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DECISIONS

by Joan Bachman
I’ll get this posted before election results are in while my perspective remains hopeful that this Country can practice our foundation: “We the People of the United States, in Order to form a more perfect Union, establish Justice, insure domestic Tranquility, provide for the common defence, promote the general Welfare, and secure the Blessings of Liberty to ourselves and our Posterity, do ordain and establish this Constitution for the United States of America.” (Preamble to our Constitution.)

We have had much fodder for decision-making for this Election Day – actually too much, too often, with too little useful substance. I’ve experienced fear, hope, anger, despair while working on my decisions for the candidates and the measures that are presented. I voted early. Just had to get my decisions on paper. Now that I’ve made and recorded my decisions, I can relax and ignore campaign noise and printed word. Feels good for a couple of days.

It has been heartening to hear reports of high voter interest across the nation. Hopefully, the intensity of citizen interest will continue with acceptance of the outcomes and nonviolent action as we move into a productive future. We each have a responsibility to follow-up the election with continued pursuits to move forward.

The tough thing about making any decision is living with the consequences. We all make many decisions every day, most are minor with short-lived consequences – what’s for breakfast? should I drive Main Avenue or the Interstate? shop today or tomorrow? Major decisions are more difficult to make because the consequences are longer lasting – should I buy a new car or replace the patio? should I accept this or that job offer? People sometimes intentionally fail to make major decisions, avoiding proactive movement while waiting to see what will happen. Whether the decision-making is personal or with/for a group, the process requires study and courage. The fact of making a decision is liberating, whether or not the desired outcome happens. At least there is a certain place to start from.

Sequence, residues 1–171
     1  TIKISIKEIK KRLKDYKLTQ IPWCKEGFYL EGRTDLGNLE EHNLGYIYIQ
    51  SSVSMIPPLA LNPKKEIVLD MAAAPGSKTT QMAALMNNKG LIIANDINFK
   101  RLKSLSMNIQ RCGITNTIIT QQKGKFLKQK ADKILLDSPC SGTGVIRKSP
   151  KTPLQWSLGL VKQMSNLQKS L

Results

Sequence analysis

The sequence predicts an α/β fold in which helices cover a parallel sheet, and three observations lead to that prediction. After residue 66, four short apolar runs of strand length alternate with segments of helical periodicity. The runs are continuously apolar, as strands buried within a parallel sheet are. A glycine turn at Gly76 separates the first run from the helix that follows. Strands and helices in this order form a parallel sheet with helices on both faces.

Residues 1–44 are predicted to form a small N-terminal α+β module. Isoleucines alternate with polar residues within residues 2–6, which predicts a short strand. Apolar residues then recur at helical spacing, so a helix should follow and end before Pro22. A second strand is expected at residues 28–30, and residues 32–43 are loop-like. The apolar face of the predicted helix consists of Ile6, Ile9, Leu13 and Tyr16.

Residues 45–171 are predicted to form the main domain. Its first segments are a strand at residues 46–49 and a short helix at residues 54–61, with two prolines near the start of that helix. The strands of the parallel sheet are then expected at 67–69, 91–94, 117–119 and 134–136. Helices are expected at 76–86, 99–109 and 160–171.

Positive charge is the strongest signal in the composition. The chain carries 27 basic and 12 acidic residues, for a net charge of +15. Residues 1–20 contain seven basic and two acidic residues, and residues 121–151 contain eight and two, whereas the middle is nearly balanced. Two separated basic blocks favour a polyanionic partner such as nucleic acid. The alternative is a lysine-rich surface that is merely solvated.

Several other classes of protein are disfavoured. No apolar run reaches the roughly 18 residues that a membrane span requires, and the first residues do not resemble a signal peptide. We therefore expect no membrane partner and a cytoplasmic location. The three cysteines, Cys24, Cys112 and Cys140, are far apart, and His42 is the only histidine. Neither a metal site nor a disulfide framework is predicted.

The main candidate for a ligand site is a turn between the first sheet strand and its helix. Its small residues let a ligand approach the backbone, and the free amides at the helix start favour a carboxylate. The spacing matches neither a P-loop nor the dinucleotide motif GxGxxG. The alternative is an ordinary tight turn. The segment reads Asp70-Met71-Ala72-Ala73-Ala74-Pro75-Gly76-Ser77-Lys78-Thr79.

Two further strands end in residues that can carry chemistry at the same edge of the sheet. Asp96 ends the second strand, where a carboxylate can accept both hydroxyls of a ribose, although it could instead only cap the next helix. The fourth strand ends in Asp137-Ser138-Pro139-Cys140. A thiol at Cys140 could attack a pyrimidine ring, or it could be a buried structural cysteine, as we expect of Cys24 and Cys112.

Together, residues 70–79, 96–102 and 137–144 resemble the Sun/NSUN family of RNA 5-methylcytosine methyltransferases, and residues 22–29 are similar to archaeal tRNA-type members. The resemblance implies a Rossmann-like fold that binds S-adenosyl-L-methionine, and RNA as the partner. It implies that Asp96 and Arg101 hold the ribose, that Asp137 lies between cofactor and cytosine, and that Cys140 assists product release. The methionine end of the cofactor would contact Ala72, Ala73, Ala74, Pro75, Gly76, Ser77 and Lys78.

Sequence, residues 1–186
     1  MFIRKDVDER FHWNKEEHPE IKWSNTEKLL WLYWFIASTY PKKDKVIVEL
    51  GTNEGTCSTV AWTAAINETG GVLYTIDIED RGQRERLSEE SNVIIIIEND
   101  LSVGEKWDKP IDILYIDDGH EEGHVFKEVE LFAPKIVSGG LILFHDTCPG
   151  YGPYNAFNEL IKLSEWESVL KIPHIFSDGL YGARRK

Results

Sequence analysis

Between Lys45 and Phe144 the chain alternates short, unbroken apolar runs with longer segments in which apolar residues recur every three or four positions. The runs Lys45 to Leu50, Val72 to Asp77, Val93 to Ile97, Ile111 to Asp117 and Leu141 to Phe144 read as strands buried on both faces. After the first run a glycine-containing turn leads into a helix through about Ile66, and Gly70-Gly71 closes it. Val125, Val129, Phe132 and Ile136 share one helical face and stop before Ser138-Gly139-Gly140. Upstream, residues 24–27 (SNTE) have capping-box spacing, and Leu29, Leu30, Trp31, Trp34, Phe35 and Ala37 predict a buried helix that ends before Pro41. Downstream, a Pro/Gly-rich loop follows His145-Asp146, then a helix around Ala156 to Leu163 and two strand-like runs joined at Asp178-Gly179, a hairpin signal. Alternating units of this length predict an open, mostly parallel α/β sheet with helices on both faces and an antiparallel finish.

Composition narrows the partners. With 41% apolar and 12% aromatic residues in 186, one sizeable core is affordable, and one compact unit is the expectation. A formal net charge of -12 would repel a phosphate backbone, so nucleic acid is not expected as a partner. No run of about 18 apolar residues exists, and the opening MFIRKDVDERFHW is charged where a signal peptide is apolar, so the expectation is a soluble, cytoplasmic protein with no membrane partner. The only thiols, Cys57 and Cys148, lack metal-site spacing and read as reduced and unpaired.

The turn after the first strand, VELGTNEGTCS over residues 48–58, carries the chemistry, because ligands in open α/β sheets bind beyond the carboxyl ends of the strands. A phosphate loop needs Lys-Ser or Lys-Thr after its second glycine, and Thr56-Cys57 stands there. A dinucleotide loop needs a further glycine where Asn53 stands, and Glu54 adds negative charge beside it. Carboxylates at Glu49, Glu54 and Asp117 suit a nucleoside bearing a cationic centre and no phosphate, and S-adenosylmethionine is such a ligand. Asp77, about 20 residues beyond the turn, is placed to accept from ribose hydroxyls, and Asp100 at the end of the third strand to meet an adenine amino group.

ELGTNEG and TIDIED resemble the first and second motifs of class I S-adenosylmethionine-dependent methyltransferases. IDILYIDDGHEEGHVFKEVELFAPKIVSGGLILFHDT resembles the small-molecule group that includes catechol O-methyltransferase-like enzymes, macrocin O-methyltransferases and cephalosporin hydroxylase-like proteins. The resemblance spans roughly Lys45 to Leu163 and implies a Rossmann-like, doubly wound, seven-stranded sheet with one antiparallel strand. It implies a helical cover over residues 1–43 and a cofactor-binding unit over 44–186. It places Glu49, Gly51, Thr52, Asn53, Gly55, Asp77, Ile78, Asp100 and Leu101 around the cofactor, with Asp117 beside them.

I recently attended an event for a recovery-based organization that is successful because its leaders support each individual’s personal decision to move from a life of addiction and crime to sobriety and productivity. The making of such a major decision is difficult and the follow-up requires constant commitment to realize the goal. Deciding to change lifestyle is one of the most major and difficult decisions anyone can make. (have you tried to lose 20 pounds?) The consequences usually extend far beyond the individual, even into quality of life for the community. Although this decision can be made and implemented by only the individual, close outside support is often essential to maintain resolve to carry through to long term success of overcoming the addiction and learning new life skills. Thankfully there are individuals and groups willing to hold decision-makers accountable.

For any decision, the Serenity Prayer is helpful: God, grant me the Serenity to accept the things I cannot change, Courage to change the things I can, and Wisdom to know the difference.

About the Author

Joan Bachman

Joan Bachman is a Registered Nurse, Licensed Nursing Home Administrator, Registered Health Information Technician, and Faith Community Nurse. She earned a Bachelor of Science degree in Business Administration. Joan has experience as a Nurse, Administrator, Developer, Trainer, Grant Writer, and served as Administrator of SD State Survey Agency. She has consulted with health care facilities and nonprofit organizations and presented leadership training. Joan is the author of Guidebook for Assisted Living Facilities and Senior Service Providers and Guidebook for Physician Services in the Nursing Facility, and she has published in professional journals.

Comments


Linda M. Hasselstrom

What an excellent time to remind us of the Serenity Prayer, especially since I am reading this several days after the election. I used to have a copy posted in my office and I believe I will do so again. Thank you, Joan.

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